A brief overview of the methods proposed for coordinating a national plan for
communicable disease surveillance follows this introduction. Annex 1 provides
information on surveillance-related software, and Annex 2 is a glossary of
surveillance-related terms.
A first issue of the manual (November 1997) elicited many suggestions, for
which we are grateful. This has led to some revision for practically every item in the
present version, and the document is therefore reissued in toto. Major technical
revisions concern AIDS and HIV, the new variant of Creutzfeldt-Jakob disease, and
the vaccine-preventable diseases. The item on bacillary dysentery has been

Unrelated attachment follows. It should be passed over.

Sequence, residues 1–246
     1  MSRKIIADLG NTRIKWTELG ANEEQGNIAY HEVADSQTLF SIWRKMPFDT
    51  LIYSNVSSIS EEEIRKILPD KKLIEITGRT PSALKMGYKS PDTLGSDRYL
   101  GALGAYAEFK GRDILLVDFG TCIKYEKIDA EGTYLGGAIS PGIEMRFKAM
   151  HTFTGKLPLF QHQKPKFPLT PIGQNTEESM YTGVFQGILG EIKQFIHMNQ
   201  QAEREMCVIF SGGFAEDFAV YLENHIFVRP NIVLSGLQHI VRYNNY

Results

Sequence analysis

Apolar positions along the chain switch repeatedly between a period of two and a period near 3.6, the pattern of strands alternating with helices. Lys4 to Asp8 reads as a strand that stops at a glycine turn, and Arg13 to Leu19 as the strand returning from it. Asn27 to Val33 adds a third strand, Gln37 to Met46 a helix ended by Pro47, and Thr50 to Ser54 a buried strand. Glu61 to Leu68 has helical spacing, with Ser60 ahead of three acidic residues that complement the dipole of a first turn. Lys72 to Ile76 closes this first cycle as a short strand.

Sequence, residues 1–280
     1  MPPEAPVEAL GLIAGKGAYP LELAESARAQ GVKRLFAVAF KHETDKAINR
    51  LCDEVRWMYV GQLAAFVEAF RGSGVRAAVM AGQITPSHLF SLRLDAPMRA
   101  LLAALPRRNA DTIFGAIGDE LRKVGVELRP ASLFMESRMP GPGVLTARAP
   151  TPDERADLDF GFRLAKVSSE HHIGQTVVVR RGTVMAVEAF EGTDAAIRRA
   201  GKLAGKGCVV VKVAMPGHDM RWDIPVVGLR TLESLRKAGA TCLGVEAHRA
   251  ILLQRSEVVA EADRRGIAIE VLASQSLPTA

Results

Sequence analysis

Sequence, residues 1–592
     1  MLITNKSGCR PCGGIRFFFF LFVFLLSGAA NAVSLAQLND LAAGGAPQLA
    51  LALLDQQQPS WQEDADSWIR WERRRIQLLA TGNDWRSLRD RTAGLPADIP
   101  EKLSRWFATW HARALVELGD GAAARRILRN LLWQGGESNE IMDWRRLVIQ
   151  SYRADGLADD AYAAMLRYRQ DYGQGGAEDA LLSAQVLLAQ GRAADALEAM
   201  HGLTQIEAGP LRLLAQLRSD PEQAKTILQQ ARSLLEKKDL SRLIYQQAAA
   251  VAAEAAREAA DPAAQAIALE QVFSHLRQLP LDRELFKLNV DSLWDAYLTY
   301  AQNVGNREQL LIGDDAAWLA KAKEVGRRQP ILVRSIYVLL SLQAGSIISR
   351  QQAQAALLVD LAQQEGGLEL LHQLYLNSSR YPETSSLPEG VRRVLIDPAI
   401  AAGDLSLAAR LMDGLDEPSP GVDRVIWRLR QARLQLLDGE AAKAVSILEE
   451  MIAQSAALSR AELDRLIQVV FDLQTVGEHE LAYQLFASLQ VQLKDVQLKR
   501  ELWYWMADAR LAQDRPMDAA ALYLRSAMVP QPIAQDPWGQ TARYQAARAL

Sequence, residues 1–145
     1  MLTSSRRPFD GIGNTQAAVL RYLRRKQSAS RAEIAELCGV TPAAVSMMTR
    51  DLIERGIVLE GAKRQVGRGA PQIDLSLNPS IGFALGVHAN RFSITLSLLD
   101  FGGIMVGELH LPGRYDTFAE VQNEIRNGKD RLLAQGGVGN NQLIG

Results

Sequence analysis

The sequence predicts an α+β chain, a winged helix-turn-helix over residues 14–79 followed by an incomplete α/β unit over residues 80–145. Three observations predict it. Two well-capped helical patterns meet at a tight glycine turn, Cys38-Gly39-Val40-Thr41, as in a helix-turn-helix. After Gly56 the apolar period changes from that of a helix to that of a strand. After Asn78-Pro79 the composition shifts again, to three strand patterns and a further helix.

deleted because of overlap with the syndrome of bloody diarrhoea. Two new items
have been added: Haemophilus influenzae type b disease and viral haemorrhagic
fever syndromes.

For further information, comments and suggestions, please contact either the relevant
WHO Regional Office (contact information pages 18-23) or, at Headquarters in Geneva,
Dr G. Rodier (, Department of Communicable Disease Surveillance and
Response, Tel: (4122) 791 2109; Fax: (4122) 791 4198; E-mail:

WHO Recommended Surveillance Standards WHO/CDS/CSR/ISR/99.2


Effective communicable disease control relies on effective disease
surveillance. A functional national communicable diseases surveillance system is
essential for action on priority communicable diseases. It is a key part of public
health decision-making in all countries (e.g. priority setting, planning, resource
mobilization and allocation, prediction and early detection of epidemics, and
monitoring and evaluation of disease prevention and control programmes).